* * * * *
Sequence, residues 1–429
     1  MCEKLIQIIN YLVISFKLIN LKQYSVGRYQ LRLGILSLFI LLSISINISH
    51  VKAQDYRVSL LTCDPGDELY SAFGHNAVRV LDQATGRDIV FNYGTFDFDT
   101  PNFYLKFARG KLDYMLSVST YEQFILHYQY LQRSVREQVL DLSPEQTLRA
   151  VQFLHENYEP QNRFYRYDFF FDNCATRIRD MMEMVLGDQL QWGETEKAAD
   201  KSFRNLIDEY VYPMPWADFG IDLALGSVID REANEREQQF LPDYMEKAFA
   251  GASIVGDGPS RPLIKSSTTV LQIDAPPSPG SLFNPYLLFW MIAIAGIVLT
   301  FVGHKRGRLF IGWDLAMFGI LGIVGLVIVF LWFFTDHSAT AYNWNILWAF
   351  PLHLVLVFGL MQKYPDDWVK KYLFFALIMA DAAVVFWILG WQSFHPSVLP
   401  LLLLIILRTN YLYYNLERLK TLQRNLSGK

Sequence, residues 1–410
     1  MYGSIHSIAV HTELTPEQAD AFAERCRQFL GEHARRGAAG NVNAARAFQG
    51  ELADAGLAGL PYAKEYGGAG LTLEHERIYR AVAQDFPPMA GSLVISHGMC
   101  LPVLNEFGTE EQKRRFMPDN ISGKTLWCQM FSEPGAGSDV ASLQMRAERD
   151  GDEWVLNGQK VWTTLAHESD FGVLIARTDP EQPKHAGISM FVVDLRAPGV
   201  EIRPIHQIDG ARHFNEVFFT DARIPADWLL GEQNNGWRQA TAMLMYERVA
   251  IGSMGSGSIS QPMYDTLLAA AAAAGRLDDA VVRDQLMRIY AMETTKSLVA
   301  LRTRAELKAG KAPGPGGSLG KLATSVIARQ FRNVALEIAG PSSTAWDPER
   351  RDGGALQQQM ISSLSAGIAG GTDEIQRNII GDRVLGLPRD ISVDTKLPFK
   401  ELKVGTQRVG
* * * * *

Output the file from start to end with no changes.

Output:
Sequence, residues 1–429
     1  MCEKLIQIIN YLVISFKLIN LKQYSVGRYQ LRLGILSLFI LLSISINISH
    51  VKAQDYRVSL LTCDPGDELY SAFGHNAVRV LDQATGRDIV FNYGTFDFDT
   101  PNFYLKFARG KLDYMLSVST YEQFILHYQY LQRSVREQVL DLSPEQTLRA
   151  VQFLHENYEP QNRFYRYDFF FDNCATRIRD MMEMVLGDQL QWGETEKAAD
   201  KSFRNLIDEY VYPMPWADFG IDLALGSVID REANEREQQF LPDYMEKAFA
   251  GASIVGDGPS RPLIKSSTTV LQIDAPPSPG SLFNPYLLFW MIAIAGIVLT
   301  FVGHKRGRLF IGWDLAMFGI LGIVGLVIVF LWFFTDHSAT AYNWNILWAF
   351  PLHLVLVFGL MQKYPDDWVK KYLFFALIMA DAAVVFWILG WQSFHPSVLP
   401  LLLLIILRTN YLYYNLERLK TLQRNLSGK

Sequence, residues 1–410
     1  MYGSIHSIAV HTELTPEQAD AFAERCRQFL GEHARRGAAG NVNAARAFQG
    51  ELADAGLAGL PYAKEYGGAG LTLEHERIYR AVAQDFPPMA GSLVISHGMC
   101  LPVLNEFGTE EQKRRFMPDN ISGKTLWCQM FSEPGAGSDV ASLQMRAERD
   151  GDEWVLNGQK VWTTLAHESD FGVLIARTDP EQPKHAGISM FVVDLRAPGV
   201  EIRPIHQIDG ARHFNEVFFT DARIPADWLL GEQNNGWRQA TAMLMYERVA
   251  IGSMGSGSIS QPMYDTLLAA AAAAGRLDDA VVRDQLMRIY AMETTKSLVA
   301  LRTRAELKAG KAPGPGGSLG KLATSVIARQ FRNVALEIAG PSSTAWDPER
   351  RDGGALQQQM ISSLSAGIAG GTDEIQRNII GDRVLGLPRD ISVDTKLPFK
   401  ELKVGTQRVG